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Podcast: A radio program is helping save critically endangered gorillas in Nigeria

  • Community-based conservation measures are key to protecting the Cross River gorilla, and a radio program that reaches as many as 4 million listeners in Nigeria is encouraging local community members to become active participants in conservation.
  • On today’s episode of the Mongabay Newscast, we speak with Hillary Chukwuemeka, host of the radio program, which is called “My Gorilla My Community.” Chukwuemeka talks about why radio is an effective medium for community engagement in Nigeria and the impacts he’s seen from time spent in local communities on the front lines of conservation.
  • We’re also joined by Inaoyom Imong, program director for the Cross River landscape with Wildlife Conservation Society Nigeria and a member of the IUCN Primate Specialist Group, who discusses the major threats to Cross River gorillas, the main barriers to their conservation, and why community-based conservation measures are so important in this context.

Today we take a look at efforts to protect the Cross River gorilla, one of the world’s rarest great ape subspecies, which include a radio program broadcast to nearly 4 million Nigerians that is helping to address the attitudes and knowledge gaps that lead to the human behaviors threatening the gorillas’ survival.

Listen here:

The Cross River gorilla is a subspecies of the critically endangered Western gorilla (Gorilla gorilla) found only in the remote highland forests of the Nigeria-Cameroon border. It’s believed that there are just around 300 individual Cross River gorillas remaining in the wild — which is why it’s known as one of the world’s rarest great ape subspecies.

There are both federal and state laws in Nigeria that aim to protect great apes, but enforcement of those laws is lacking. And as the human population grows, Cross River gorillas have come under increasing pressure. Human activities like the conversion of the gorillas’ forest habitat to farmland, commercial logging, and the building of new roads drive habitat loss and fragmentation. The bushmeat trade is another notable threat to the gorillas’ survival — and thanks to the new roads the government is building to connect remote areas of the country, even the most secluded forests are no longer safe havens for the great apes.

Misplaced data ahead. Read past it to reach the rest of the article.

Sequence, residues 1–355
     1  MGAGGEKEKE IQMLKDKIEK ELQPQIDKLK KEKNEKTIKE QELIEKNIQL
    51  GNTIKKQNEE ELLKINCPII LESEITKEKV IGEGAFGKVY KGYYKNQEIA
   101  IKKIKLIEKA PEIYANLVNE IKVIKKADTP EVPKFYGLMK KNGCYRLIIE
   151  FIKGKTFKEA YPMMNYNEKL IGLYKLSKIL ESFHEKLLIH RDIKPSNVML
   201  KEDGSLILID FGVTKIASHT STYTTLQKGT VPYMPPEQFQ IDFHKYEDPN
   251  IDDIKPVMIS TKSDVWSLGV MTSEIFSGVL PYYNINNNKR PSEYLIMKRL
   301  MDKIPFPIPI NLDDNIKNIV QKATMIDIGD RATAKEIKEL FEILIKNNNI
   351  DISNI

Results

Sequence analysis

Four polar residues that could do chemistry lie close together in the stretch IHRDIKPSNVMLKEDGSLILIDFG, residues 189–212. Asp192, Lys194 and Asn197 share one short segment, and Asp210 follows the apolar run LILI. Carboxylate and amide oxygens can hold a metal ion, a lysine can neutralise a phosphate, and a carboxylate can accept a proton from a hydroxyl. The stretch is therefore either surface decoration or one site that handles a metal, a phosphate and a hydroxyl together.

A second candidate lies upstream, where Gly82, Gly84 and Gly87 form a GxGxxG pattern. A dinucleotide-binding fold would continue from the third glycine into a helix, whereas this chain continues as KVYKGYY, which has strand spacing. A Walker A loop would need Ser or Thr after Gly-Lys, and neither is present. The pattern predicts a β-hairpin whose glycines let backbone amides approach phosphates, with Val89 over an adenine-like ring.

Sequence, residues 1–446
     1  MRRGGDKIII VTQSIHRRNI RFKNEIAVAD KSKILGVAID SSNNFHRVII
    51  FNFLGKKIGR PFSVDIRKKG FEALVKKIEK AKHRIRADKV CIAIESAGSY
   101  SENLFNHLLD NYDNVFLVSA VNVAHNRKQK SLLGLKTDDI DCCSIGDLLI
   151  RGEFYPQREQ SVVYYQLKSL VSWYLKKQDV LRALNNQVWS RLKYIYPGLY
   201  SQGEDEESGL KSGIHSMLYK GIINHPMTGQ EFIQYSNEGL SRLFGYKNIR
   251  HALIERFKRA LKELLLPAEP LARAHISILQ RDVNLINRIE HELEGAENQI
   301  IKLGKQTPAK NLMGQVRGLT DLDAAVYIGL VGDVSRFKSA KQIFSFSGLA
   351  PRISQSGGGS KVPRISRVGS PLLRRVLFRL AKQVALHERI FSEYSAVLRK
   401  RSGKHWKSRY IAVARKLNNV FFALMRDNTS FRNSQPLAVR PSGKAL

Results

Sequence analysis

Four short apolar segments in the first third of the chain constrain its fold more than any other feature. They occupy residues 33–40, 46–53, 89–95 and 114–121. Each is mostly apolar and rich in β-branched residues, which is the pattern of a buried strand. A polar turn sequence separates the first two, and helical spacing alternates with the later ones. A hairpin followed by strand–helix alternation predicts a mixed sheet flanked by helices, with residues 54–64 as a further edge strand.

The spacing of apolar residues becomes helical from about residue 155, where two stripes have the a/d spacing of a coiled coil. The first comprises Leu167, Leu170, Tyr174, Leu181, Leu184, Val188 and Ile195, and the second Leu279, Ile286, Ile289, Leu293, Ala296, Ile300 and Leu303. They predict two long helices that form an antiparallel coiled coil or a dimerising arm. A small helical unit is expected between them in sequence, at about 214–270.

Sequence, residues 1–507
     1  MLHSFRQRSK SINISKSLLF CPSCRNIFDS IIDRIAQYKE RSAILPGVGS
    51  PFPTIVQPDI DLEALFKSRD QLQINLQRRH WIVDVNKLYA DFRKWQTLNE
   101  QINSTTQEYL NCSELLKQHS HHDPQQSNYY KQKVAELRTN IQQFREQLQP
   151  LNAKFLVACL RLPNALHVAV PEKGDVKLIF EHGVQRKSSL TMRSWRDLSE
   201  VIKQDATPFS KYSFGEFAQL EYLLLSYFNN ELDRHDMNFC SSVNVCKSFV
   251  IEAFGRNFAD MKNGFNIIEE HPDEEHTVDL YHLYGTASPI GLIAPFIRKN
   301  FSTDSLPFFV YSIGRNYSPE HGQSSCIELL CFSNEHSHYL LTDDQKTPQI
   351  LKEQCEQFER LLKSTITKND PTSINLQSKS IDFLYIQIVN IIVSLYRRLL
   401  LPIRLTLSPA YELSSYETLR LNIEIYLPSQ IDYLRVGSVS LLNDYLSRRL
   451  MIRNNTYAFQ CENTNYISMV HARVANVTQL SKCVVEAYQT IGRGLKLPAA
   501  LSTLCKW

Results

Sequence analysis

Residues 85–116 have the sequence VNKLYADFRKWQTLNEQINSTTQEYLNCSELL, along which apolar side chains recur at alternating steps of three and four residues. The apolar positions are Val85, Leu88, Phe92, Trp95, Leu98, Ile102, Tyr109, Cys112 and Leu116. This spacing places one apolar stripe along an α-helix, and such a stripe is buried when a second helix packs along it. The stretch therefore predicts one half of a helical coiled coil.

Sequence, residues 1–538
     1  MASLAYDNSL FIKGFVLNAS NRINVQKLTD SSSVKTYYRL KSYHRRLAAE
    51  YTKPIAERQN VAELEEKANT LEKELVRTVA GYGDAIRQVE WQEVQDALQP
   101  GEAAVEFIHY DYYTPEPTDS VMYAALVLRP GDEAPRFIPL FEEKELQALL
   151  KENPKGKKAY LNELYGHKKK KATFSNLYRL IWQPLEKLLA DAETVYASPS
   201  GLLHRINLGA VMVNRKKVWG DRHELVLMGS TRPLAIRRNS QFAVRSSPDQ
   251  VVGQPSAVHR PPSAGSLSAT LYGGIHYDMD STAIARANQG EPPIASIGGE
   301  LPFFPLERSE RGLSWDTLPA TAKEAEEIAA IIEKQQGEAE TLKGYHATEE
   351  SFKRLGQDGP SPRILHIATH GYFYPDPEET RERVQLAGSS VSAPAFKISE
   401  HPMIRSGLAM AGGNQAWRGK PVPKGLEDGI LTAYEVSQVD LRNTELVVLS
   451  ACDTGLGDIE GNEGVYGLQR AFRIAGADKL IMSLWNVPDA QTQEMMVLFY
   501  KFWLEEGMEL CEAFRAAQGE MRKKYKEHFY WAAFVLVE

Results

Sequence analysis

We’re joined on the program today by Hillary Chukwuemeka, host of a radio program called “My Gorilla My Community” that is broadcast to numerous communities on the frontlines of gorilla conservation in Nigeria and encourages them to become active participants in the protection of the subspecies. Chukwuemeka talks about why his radio program is an effective means of community engagement and the impacts he’s seen from time spent in local communities.

We also speak with Inaoyom Imong, program director for the Cross River landscape with Wildlife Conservation Society Nigeria and a member of the IUCN Primate Specialist Group. Inaoyom discusses the major threats to Cross River gorillas, the main barriers to their conservation, and why community-based conservation measures are so important in this context.

Here are some recent Mongabay articles referenced in this episode of the Mongabay Newscast:

Gorilla radio: Sending a conservation message in Nigeria, 02/06/19

For the world’s rarest gorillas, a troubled sanctuary, 07/13/20

Camera snaps first ever glimpse of a troop of the world’s rarest gorilla, 07/10/20

A silverback Cross River gorilla in the Mbe Mountains, Nigeria. June 2020. Photo © WCS Nigeria.

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Cross River gorilla group including adults and young of different ages in the Mbe Mountains, Nigeria. June 2020. Photo © WCS Nigeria.

Follow Mike Gaworecki on Twitter: @mikeg2001

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